Beware the constant attraction that all of us carry to feel hard done by and the subsequent feelings of how unfair the world can be that become a hiding place from the more fulfilling journey of achievement.
I learned the truth of how we identify with this loop when, on many occasions, my own personal sense of isolation reminded me just how unconnected we can allow ourselves to become.
For example, I once worked on a significant distribution deal with a large company that was chaired by a good friend of mine. This was a major national distribution agreement. Convinced I had been awarded the contract, I delighted in my ability to make this happen. Lots of time, effort and energy went in to securing the deal. From my perspective, the opportunities for both our companies seemed obvious; we could deliver the service and they had the product that needed delivering.
The hallmark throughout the negotiations hinged on my relationship with some key executives from the other company. I felt from an early stage that this was a done deal. All we had to do for the final round of negotiation was to sign on the dotted line. When the decision on the contract was announced I was surprised, amazed and disappointed that my company hadn’t actually got it.
My initial reaction was one of disbelief and then annoyance. All that work and effort to no avail. However, the real prize within this apparent rejection whereby we seemed to have been totally led up the garden path was that now I had an opportunity to examine and appraise the relationships and boundaries within my working practice.
This apparent rejection presented me with the option of looking at the way I did business and the chance to view the situation as a classroom and not as a defeat.
In a roundabout way, it was a perfect example of people attempting to achieve success built on specialness, rather than on the integrity of the process. One of my big lessons was to look at the agendas I carry into this type of transaction and, for that matter, into all my interactions. In this instance the intent was not one of inclusion, it was far more to do with the individuals involved serving separate interests.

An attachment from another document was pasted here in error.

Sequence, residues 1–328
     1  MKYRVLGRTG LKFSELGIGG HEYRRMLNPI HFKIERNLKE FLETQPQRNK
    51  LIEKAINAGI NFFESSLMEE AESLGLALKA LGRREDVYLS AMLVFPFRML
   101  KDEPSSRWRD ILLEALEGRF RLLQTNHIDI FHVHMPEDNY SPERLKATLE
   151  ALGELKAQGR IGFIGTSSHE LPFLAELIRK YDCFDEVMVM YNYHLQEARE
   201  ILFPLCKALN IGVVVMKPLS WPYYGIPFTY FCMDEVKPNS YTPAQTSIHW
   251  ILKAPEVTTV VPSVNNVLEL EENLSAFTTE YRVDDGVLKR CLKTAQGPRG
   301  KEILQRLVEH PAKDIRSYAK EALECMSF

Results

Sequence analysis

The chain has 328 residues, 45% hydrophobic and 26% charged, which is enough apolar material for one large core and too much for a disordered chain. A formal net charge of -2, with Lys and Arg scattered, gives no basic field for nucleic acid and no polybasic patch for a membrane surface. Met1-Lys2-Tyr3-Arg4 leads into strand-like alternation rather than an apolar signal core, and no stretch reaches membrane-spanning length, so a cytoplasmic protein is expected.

As I’ve said before, inclusion is a fundamental element of success. From the outset, establish the limitations and deal with them and in that dealing start to see that the only limitation is your own belief in how you limit your Self.
Success is not about whether you get the contract or sign that deal or win the lottery or find the perfect partner. It has far more to do with honest assessment and appraisal.
Putting the clearest and most honest picture you can as the main agenda gives you a chance to see any situation as it really is and not complicate it through skewed judgments based on past experience or misguided notions of what the other person might do or want.
Be true to your Self in any situation and learn how capable you can be in establishing a future success pattern, uncomplicated and secure.
I had so much opportunity to reflect on how unfairly treated I had been that I could have spent years of wasted time wallowing in the perceived failure and betrayal when in essence what I was really being given was a splendid opportunity to recognise that my own Self-worth far exceeded any distribution deal or any special friendships. What I really should have done was written to the company and my friend to thank him for illuminating my own personal value to my Self.
As said before, beware the temptation to feel unfairly treated. Misery loves company.

Author's Bio: 

Geoffrey J Canavan, Success Expert, business owner and author of 'Solved! The Truth about Real Success'